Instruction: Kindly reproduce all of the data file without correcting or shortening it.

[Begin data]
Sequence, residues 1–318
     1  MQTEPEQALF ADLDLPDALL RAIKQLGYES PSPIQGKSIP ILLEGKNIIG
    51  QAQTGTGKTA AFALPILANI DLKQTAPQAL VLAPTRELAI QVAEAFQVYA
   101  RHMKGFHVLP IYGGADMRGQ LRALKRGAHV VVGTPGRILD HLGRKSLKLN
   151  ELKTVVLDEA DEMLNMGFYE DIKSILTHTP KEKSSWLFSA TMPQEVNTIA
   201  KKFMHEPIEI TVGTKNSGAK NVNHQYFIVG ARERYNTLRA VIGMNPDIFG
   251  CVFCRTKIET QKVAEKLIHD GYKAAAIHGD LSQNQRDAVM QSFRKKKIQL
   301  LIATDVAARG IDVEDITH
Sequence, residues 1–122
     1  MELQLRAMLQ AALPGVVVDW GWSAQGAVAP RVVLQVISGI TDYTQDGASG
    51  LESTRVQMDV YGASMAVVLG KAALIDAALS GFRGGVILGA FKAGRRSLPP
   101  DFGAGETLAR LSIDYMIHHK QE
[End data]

Sequence, residues 1–318
     1  MQTEPEQALF ADLDLPDALL RAIKQLGYES PSPIQGKSIP ILLEGKNIIG
    51  QAQTGTGKTA AFALPILANI DLKQTAPQAL VLAPTRELAI QVAEAFQVYA
   101  RHMKGFHVLP IYGGADMRGQ LRALKRGAHV VVGTPGRILD HLGRKSLKLN
   151  ELKTVVLDEA DEMLNMGFYE DIKSILTHTP KEKSSWLFSA TMPQEVNTIA
   201  KKFMHEPIEI TVGTKNSGAK NVNHQYFIVG ARERYNTLRA VIGMNPDIFG
   251  CVFCRTKIET QKVAEKLIHD GYKAAAIHGD LSQNQRDAVM QSFRKKKIQL
   301  LIATDVAARG IDVEDITH
Sequence, residues 1–122
     1  MELQLRAMLQ AALPGVVVDW GWSAQGAVAP RVVLQVISGI TDYTQDGASG
    51  LESTRVQMDV YGASMAVVLG KAALIDAALS GFRGGVILGA FKAGRRSLPP
   101  DFGAGETLAR LSIDYMIHHK QE